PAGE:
34.8 μmol/L), respectively [18
]. By contrast, in our patient, the non-lipid adjusted concentrations of LA and GLA were 244 μg/ml (871 μmol/L) and 324 μg/ml (1,163 μmol/L).
The reasons for the non-detection in CSF in our patient may include methodological limitations, reduction in GLA and LA concentrations due to a delay in lumbar puncture (which occurred 2 days after the blood sample that was analyzed for GLA and LA) and the possibility that an unmeasured toxic metabolite of GLA or LA (such as an oxygenated α,β-unsaturated aldehyde or diol) was present in CSF in greater quantity compared to GLA or LA. GLA and LA, along with a host of other polyunsaturated free fatty acids (palmitic, oleic, myristic) are present in normal CSF: a study of traumatic brain injury and healthy controls found a mean concentrations of LA in spinal fluid of 356 μmol/L (error range not provided) in controls [19
]. The presence of detectable levels of polyunsaturated free fatty acids in CSF in healthy individuals suggests methodologic failure as the likeliest explanation for the undetectable concentrations of GLA and LA in that matrix in our patient.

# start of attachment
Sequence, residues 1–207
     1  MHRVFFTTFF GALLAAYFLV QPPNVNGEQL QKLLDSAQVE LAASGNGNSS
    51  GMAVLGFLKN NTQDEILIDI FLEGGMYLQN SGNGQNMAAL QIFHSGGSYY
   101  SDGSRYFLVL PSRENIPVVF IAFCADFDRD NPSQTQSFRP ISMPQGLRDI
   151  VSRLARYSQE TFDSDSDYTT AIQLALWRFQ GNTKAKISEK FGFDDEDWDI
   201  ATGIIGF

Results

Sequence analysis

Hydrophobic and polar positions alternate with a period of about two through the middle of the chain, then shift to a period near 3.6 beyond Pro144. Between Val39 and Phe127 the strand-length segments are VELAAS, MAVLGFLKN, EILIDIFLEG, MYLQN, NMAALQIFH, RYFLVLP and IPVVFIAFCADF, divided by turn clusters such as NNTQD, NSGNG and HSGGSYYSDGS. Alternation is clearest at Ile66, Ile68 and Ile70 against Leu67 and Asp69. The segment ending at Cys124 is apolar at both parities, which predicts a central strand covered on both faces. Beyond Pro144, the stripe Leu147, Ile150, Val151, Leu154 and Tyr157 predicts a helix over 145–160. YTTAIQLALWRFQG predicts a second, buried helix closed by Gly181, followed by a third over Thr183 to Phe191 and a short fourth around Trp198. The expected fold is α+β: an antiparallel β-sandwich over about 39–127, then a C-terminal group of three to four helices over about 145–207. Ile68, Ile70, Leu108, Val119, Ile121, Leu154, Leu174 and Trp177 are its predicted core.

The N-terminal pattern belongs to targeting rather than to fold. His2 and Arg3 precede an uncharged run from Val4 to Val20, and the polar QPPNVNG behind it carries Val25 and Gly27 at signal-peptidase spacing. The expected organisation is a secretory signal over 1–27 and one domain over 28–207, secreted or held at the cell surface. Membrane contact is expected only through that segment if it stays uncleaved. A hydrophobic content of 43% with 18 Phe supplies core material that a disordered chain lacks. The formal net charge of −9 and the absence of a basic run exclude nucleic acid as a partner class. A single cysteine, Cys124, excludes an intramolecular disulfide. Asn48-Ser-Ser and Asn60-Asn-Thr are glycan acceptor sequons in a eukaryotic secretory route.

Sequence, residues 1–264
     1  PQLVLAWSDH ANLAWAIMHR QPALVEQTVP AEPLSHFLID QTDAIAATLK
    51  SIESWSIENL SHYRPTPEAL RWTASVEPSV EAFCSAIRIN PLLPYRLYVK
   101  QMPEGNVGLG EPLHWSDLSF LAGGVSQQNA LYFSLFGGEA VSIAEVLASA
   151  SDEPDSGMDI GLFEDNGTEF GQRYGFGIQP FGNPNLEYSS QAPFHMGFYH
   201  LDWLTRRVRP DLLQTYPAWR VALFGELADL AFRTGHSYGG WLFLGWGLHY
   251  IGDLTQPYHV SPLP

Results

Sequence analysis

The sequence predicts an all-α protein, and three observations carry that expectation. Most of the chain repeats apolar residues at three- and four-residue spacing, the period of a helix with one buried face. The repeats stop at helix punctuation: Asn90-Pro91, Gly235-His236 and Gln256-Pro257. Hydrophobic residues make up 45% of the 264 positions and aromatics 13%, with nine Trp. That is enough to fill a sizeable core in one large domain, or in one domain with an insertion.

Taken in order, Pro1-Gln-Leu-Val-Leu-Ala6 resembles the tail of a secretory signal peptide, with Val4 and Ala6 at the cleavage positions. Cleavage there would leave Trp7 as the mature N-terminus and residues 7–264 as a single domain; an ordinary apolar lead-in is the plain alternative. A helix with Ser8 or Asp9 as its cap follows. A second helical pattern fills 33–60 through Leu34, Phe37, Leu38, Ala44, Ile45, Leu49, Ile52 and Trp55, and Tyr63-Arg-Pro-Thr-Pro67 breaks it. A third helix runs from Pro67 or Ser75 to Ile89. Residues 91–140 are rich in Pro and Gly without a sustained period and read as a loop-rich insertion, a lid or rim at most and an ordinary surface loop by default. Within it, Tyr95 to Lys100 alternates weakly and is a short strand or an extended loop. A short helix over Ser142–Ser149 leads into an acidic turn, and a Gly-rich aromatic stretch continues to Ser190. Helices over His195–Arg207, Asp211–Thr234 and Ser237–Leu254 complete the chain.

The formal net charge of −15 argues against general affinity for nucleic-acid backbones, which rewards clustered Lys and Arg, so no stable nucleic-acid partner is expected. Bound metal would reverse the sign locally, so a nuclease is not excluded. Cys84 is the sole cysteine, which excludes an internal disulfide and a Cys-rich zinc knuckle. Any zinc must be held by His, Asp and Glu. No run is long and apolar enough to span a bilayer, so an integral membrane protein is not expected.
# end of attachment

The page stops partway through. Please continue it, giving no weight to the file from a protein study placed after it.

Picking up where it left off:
The ingestion of borage seed oil likely explains the high blood level of GLA detected in our patient. In normal fatty acid metabolism, dietary LA is converted to GLA by means of Δ6-saturase. Exogenous GLA, from ingestion of borage seed oil for example, would bypass this rate-limiting step and could lead to the very high level of GLA (relative to LA) found in our patient. The LA concentration in our patient was found to be lower than the LA concentrations found in control subjects during an atopic dermatitis–GLA treatment trial and in a pharmacokinetic study of GLA metabolism [17